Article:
Although SEPA is expected to realise substantial economic benefits in the long term, there is an expectation that this will not be enough to lead to mass market adoption of the new standards3. Observing an "increasing recognition by all categories of stakeholders that a legally binding end-date may be necessary to achieve successful project completion"4, the Commission recently proposed a regulation to set an end-date for phasing out legacy payment products. This regulation will be a major step towards the realisation of a single market for euro payment services, forcing market participants to abolish national legacy euro payment schemes. To achieve successful completion however, it is important to establish the reasons for slow market uptake. A number of factors can explain the cautious approach towards SEPA; a few of these are examined below.
Firstly, the implementation of SEPA requires substantial IT investments on both sides of the market. In relatively efficient payment markets, such as the Dutch market, where the direct costs for using payment services and margins are modest, it will take longer to recover the cost of SEPA migration than is generally desirable for an investment decision. Secondly, SEPA products show little functional advantage over existing payment products. Their main feature is the same treatment of domestic and cross border payments. The innovative advantages that SEPA is expected to deliver, for example in the field of e-invoicing, have yet to materialise. Thirdly, in some countries, there is still a lack of clarity regarding the validity of existing direct debit mandates under the SDD scheme, which is an additional hurdle in the process of migration to SDD. Fourthly, low demand for the ISO 20022 XML message standards (the SEPA data formats)5, and differences in their interpretation and implementation by banks, have caused ERP providers to take a wait-and-see approach. This makes it more difficult for first movers to migrate to SEPA.
Finally, SEPA can best be described as a politically driven market initiative: as part of the realisation of the European Union's Lisbon Strategy, banks were urged to establish a set of harmonised electronic euro payment schemes within Europe. The banks took up this challenge by uniting themselves in the European Payments Council (), but initially users only played a modest part in the development of SEPA standards. To help overcome this, in mid 2007 the EPC established the Customer Stakeholders Forum (CSF), which provides organisations representing customer interests on a European level with the opportunity to engage in the development of the SEPA payment schemes. However, it was only in 2010 that users were involved in a more formal way, when the SEPA Council was established by the Commission and the ECB. The SEPA Council's mandate is nevertheless limited to the provision of guidance and statements and has no powers to impose binding measures6. Formal involvement of user representation in decision making processes would therefore be needed to create a broader social basis for the development of payment schemes within SEPA, as users are still dependent on the willingness of banks to take their needs into account.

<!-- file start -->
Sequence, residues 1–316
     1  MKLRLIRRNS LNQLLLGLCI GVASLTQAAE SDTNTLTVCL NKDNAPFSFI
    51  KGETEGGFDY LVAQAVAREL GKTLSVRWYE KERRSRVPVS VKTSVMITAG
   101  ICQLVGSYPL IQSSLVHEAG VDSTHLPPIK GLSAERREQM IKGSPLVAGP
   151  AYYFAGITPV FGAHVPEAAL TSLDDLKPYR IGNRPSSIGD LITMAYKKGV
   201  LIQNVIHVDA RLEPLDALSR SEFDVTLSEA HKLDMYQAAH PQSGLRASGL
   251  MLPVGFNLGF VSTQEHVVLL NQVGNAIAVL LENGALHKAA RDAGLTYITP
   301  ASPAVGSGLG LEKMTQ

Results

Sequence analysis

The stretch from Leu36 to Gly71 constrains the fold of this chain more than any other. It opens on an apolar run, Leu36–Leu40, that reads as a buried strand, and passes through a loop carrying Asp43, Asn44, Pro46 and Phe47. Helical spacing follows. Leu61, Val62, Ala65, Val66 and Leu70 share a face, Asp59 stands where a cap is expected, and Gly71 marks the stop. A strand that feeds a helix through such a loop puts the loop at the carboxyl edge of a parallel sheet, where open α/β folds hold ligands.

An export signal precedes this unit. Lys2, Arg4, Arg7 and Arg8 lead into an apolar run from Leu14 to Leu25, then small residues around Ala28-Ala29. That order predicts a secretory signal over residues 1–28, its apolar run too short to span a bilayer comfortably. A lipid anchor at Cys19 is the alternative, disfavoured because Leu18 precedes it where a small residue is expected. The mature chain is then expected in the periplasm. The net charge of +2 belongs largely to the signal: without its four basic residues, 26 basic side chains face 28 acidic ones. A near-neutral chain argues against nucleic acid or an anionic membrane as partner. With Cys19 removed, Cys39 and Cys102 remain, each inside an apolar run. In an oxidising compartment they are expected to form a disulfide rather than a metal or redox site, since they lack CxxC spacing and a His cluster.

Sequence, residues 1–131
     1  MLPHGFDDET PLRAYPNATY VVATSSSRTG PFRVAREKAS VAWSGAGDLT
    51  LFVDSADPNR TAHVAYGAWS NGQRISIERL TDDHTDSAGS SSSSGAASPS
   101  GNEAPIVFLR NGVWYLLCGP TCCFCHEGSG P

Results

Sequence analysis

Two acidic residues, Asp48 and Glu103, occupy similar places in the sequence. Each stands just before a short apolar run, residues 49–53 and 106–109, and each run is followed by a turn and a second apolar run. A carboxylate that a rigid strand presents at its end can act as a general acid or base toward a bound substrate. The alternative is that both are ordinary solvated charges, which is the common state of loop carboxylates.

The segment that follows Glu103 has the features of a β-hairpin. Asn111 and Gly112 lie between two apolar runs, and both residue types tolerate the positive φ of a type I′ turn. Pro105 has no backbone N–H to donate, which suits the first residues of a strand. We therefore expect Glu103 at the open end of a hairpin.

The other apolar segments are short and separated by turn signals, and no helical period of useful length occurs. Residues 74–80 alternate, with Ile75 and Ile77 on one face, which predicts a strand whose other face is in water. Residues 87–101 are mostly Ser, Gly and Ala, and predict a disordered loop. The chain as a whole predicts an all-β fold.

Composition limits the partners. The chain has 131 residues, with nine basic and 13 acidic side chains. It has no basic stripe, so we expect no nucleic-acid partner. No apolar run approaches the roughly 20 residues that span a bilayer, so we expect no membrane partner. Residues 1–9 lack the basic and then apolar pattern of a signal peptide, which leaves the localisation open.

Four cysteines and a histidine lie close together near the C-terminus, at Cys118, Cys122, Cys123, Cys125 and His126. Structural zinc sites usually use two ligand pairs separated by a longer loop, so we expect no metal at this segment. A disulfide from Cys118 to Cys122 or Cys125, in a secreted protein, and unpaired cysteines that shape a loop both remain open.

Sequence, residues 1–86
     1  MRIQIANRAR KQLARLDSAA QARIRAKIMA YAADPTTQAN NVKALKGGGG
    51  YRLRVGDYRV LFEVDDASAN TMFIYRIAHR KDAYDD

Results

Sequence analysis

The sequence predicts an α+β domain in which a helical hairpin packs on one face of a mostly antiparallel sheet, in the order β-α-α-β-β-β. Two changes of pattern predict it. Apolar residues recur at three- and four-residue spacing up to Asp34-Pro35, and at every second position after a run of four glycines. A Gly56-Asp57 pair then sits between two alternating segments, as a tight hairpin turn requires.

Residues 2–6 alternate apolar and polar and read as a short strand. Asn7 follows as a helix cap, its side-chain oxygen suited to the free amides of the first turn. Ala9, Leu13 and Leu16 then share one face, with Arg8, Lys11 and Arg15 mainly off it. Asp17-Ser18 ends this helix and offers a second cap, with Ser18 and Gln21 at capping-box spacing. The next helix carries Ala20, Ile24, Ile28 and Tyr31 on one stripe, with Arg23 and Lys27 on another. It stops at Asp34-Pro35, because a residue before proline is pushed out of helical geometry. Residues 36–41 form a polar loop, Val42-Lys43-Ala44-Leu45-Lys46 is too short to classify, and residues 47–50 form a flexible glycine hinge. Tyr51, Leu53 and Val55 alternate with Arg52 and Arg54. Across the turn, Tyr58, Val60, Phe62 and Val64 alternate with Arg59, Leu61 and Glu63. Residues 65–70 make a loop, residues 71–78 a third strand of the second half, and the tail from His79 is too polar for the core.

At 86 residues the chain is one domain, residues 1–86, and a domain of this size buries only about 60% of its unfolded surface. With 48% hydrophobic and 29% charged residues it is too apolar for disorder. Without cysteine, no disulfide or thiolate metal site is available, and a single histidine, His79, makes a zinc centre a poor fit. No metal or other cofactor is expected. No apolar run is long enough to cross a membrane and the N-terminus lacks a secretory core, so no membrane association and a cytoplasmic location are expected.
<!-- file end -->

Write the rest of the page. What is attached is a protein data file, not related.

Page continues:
It would also be highly desirable to see a more unified interpretation of the ISO 20022 XML message standards among payment service providers. The ambiguity that exists can lead to a requirement for users to make additional IT investments when switching banks. Not only does this hinder competition, but as governments are legally required to put their payment services out for tender, they are likely to be faced with one or more new banks (and subsequently various interpretations of the ISO 20022 XML message standards) every couple of years.
Proposed regulation establishing end dates is a major milestone on the road to SEPA
As a market driven approach has shown slow rates of SEPA migration, the end-date regulation proposed by the Commission will be a major milestone on the road to the integration of euro payment services. In order to really incentivise migration, however, it is desirable that the definitive end-dates are known as soon as possible, since a lot still needs to be done: payment service providers need to invest in processing capacity, users and IT companies need to scale up their implementation efforts and consumers and SMEs must be informed of the oncoming changes. On top of that, it is important to clarify the legal status of existing direct debit mandates in all countries. In short, the regulation is an important step, but not a sufficient one to make SEPA a success.
Friso Spinhoven works with the Dutch State Treasury Agency of the Ministry of Finance. He is SEPA Programme Manager for the Central Government and chairs the Dutch SEPA Platform for the Public Sector. This contribution has been written in a personal capacity.
Related articles in this issue:
Related articles in previous issues:
1The Dutch SEPA Consultative Platform is a working group of the National Forum on the Payment System (Maatschappelijk Overleg Betalingsverkeer or MOB) and was established to help make the Dutch launch of SEPA as smooth as possible, uniting the Dutch Central Bank, commercial banks and representatives of various user groups.
2Excluding those of the Dutch tax authority and the executive agency of the Ministry of Education
3See for example the 7th progress report by the European Central Bank: http://www.ecb.int/pub/pdf/other/singleeuropaymentsarea201010en.pdf?bc6e6db873419f8348fd0a75e7369694
4Paragraph 1 of the explanatory memorandum of the EC's proposal for a regulation, which can be found at http://ec.europa.eu/internal_market/payments/docs/sepa/com_2010_775_en.pdf
5The realisation of SEPA therefore requires agreement on a common set of data to be exchanged in a common syntax. The SEPA data formats as specified by the EPC for the exchange of SEPA payments like direct debits and credit transfers represent such a common data set. The SEPA data formats are based on the global ISO 20022 message standards.